Device Hardware Key Registry key corresponding to device instance. There device driver and Windows PnP Manager may store device settings, configuration data or whatever else they deem necessary, and whatever makes sense for a specific instance of the device. It's location in registry is <Current Control Set>\Enum\<Device Instance ID>.
Device Software Key Registry key corresponding to a device driver. Devices managed by the same driver sometimes have matching Device IDs, but not necessarily. It is perfectly OK to have devices with totally unrelated Devices IDs, but as long as they are managed by the same driver, there will be just one registry key storing configuration of that driver. Example Device Software Key: <Current Control Set>\Control\Class\{4d36e967-e325-11ce-bfc1-08002be10318}\0002. GUID in that key is a device class GUID from INF file, 16-bit number is just an incrementally growing number chosen by Windows PnP Manager to avoid conflicts.
INF File Text file with device setup information, provided by device vendor along with device driver. A lot of such files come preinstalled with Windows. In pre-Vista versions of Windows, INF files were used to install Windows itself. INF file instructs Windows about file and registry operations required to install device driver, and contains list of Device IDs this driver is associated with. Installed INF files are stored by Windows in the folder C:\Windows\Inf. Device ID to INF file associations are stored separately, in the undocumented binary format which heavily depends on the Windows version.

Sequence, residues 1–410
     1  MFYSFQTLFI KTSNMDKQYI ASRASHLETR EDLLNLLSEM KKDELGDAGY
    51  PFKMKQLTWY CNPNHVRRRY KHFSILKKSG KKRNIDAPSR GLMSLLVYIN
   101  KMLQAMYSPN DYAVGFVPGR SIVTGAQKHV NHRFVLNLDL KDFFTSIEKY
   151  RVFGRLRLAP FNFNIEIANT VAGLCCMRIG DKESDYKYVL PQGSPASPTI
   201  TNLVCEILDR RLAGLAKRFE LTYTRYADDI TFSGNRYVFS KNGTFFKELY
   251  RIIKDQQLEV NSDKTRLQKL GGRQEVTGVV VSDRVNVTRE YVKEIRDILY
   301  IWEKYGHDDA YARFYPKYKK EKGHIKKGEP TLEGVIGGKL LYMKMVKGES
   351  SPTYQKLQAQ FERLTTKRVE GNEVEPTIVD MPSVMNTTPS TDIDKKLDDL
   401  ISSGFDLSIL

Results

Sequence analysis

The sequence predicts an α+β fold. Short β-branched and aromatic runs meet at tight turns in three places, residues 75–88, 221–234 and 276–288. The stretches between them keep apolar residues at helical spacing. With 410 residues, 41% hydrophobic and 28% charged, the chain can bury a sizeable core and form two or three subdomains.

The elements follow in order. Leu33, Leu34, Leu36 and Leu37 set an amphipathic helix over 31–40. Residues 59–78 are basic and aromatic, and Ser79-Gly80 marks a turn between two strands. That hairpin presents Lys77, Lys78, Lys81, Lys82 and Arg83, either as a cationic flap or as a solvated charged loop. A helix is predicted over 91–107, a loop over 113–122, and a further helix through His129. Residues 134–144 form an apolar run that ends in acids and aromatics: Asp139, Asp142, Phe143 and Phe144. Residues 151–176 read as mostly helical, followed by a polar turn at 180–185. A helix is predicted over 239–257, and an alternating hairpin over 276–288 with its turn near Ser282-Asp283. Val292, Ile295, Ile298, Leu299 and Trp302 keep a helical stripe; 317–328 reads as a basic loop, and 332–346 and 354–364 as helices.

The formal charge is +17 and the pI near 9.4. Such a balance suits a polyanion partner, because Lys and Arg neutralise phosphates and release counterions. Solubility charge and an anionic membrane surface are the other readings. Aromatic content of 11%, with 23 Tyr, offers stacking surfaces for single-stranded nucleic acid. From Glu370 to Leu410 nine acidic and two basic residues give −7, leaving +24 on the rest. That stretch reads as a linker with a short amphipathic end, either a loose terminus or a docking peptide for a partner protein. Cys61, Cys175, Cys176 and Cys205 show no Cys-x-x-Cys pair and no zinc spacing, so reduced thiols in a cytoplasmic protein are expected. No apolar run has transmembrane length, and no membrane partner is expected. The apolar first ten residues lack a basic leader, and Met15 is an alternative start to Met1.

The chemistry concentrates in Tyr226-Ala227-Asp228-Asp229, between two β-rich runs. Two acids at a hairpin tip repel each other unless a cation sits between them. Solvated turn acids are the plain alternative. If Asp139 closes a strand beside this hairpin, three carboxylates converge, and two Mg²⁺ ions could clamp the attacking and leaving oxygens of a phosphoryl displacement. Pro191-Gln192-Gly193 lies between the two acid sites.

Plug and Play When device is plugged in, if Device Software Key and Device Hardware Key registry keys are missing (either keys were deleted by user, or device is discovered by Windows for the first time), then these registry keys will be created and populated automatically by Windows PnP Manager and Windows Setup API. INF files are considered primary source of truth for the purpose of creation and population of Device Hardware Keys and Device Software Keys. Entire technology of reparsing and executing INF files, creating registry keys and values, and loading drivers is called "Plug and Play". But Setup API is a user-mode component of Windows OS, so INF files are not parseable and can't be executed at boot time, before Windows is fully loaded.